In a nutshell, the above paragraph summarized much of the description of human existence offered by Ligotti in his interesting, thought-provoking work. Rooted in the work of little-known Norwegian thinker Peter Wessel Zapffe, embracing the pessimism of Schopenhauer, and offering as our only hope for relief from suffering the extinction of the human race, Ligotti’s is not so much a “pessimistic” philosophy as it is one of horror and despair. Which is no surprise, considering Ligotti’s main claim to fame is as a horror novelist. How better to present the horrible truth at the heart of existence than through the symbols and conventions of weird fiction?
Reading Ligotti, you realize fairly early on there will be no life-line thrown to escape the bleak, frightening presentation of existence as, in his own words including capitalizations, MALIGNANTLY USELESS. We are offered no solace in love, no comfort in courage, no respite in family or community. We human beings are not what we believe ourselves to be. Indeed, the very notion of a “self” is just one of the many ways through which we attempt to console ourselves that being alive is a moral good. Our sense of ourselves as a “self”, a unique, contained, integrated individual is nothing more than the creation of a neurotic mind desperate to shield the harsh reality from breaking in and destroying our minds completely (Freud understood as much, yet counseled that in this case the illness was preferable to the cure). Heidegger’s “Not”, Barth’s Nein, these extend even to our very selves. We are uncanny to ourselves, little more than animated puppets with nothing pulling our strings yet never fully free to “be” as we would wish to be. This book is much as the reality Ligotti describes – barren of reason, hope, and any soft, mitigating consolation to make it more palatable.
I found myself intrigued as I read, finding much to commend in Ligotti despite the atmosphere of despair that hangs over the book. In stripping existence of any illusion, we come face to face with the real horror we have all too often converted into smaller, manageable horrors. Ligotti does so without apology. This horror, that we as creatures have become, through the paradoxical working of natural selection, the negation of creation, is the kind of thing H. P. Lovecraft considered in his stories of beings with unpronounceable names and terrible designs upon us and our world: enough to drive us mad should we see it or hear it in its terrible reality. As a “contrivance of horror”, the kind of cosmic nihilism at the heart of Ligotti’s presentation surely is the most frightening of all: That our existence is nothing at all.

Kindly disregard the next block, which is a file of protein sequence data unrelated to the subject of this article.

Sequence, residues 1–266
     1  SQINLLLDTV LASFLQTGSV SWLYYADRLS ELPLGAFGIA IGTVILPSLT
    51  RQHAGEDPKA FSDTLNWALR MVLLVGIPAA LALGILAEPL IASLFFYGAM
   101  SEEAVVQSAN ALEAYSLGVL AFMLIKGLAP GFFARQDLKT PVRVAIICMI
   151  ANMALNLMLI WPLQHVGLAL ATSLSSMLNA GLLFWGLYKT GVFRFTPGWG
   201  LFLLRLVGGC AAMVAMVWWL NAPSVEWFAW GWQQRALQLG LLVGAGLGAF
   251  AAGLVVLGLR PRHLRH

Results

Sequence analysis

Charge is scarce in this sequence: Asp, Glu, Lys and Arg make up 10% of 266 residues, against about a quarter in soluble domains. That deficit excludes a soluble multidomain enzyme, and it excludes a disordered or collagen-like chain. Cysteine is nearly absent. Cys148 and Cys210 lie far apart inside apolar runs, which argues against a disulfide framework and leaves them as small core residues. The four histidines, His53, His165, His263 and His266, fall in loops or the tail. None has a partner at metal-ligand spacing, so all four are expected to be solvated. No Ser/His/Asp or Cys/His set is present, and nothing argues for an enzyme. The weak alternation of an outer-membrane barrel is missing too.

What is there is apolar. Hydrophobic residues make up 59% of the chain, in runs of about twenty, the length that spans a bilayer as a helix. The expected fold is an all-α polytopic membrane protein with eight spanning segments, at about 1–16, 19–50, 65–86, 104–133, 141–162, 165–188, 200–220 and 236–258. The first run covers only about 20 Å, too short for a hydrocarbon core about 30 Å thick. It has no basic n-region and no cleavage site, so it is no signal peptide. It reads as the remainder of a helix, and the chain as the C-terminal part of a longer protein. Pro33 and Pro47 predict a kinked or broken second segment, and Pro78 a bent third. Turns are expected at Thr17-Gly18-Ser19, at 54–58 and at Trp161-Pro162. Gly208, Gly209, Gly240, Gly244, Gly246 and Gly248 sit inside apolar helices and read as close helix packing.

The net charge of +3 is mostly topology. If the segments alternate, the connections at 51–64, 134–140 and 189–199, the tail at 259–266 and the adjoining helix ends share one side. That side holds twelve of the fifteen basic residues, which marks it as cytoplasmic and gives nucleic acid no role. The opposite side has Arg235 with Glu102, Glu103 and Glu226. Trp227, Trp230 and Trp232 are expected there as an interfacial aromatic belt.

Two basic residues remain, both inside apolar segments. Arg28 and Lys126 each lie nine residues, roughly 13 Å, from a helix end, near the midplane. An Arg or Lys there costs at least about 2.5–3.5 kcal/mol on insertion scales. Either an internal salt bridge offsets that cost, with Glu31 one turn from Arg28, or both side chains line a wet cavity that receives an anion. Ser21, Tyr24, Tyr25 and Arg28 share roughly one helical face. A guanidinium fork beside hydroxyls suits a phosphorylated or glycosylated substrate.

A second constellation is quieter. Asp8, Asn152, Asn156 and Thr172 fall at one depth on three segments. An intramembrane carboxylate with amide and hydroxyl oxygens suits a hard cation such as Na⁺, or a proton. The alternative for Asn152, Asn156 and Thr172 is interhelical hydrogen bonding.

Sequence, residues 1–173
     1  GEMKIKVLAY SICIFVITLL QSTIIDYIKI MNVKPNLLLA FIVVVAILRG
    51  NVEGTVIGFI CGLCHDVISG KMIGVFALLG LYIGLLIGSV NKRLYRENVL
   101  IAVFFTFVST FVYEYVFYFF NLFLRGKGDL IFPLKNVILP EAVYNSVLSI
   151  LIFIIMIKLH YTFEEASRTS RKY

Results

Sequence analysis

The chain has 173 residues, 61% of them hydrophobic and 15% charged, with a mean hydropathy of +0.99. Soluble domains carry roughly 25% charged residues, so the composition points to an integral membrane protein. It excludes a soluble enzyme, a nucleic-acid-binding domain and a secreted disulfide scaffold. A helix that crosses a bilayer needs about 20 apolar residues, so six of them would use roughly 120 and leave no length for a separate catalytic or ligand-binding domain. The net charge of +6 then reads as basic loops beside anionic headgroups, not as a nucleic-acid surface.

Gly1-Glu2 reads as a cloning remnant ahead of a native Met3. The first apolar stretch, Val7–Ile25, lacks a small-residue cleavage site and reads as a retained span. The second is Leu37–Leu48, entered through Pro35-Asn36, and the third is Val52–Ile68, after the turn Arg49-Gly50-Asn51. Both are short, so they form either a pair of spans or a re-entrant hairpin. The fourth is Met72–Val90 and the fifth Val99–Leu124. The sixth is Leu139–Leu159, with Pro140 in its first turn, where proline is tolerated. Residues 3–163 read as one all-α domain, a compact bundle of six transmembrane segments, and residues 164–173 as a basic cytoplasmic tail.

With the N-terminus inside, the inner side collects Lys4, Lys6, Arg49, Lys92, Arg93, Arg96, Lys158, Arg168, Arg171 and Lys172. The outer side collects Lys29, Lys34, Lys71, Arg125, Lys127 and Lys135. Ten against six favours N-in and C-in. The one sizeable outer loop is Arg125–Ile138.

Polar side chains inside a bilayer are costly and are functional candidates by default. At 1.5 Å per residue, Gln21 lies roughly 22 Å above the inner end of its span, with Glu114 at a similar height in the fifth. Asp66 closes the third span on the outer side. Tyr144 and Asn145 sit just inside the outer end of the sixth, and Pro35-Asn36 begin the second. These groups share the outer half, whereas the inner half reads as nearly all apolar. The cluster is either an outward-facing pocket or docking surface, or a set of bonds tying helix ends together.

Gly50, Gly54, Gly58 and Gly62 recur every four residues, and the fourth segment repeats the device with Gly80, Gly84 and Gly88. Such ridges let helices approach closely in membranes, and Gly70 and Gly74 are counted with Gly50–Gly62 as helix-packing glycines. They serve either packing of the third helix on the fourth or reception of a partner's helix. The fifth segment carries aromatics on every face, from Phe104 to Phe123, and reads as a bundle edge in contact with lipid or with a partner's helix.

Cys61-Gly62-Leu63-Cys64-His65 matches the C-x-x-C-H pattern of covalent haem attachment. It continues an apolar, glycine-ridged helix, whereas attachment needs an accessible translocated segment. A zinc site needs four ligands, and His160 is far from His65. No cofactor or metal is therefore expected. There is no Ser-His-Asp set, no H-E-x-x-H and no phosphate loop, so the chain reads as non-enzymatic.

For all I would commend this book as an important corrective to the flood of bullshit too often presented to us in the guise of “motivational speaking” and “Christian literature”, it is important to note that, even though they may very well be the consoling lies of those desperate to shield us from the terrible truth of our existence, the fact is there are things that make life not at all MALIGNANTLY USELESS. Among these perhaps comforting lies is courage: that virtue that pushes human beings to live through all sorts of horrors and pain, big and small. Whether it’s the courage of the soldier who steps in front of a bullet or jumps on a grenade meant for others; the parents of a child born with incredible deficits who nevertheless strive to give that child a life of relative ease; those who work to make our collective lives more humane; these things are as real as the horrors from which they might shield us.
Along with courage is the sense, an intuition that may well be rooted in biological imperatives, that human life, in and for itself, is valuable. Not just our own lives, for which we may or may not care much at all, but the lives of others. Human beings are valuable simply because they exist. They are that rare thing, indeed: another like us deserving of our care, our assistance, conspirators in our desire to keep the darkness at bay. The preciousness of human life may well come from our understanding that nothing lies behind what is, including ourselves as conscious beings. In our desire for the care of others, we are not only protecting ourselves from the horrors of our consciousness of our own nonexistence; positively, we are affirming that human beings are and ought to be creatures subject to care and concern.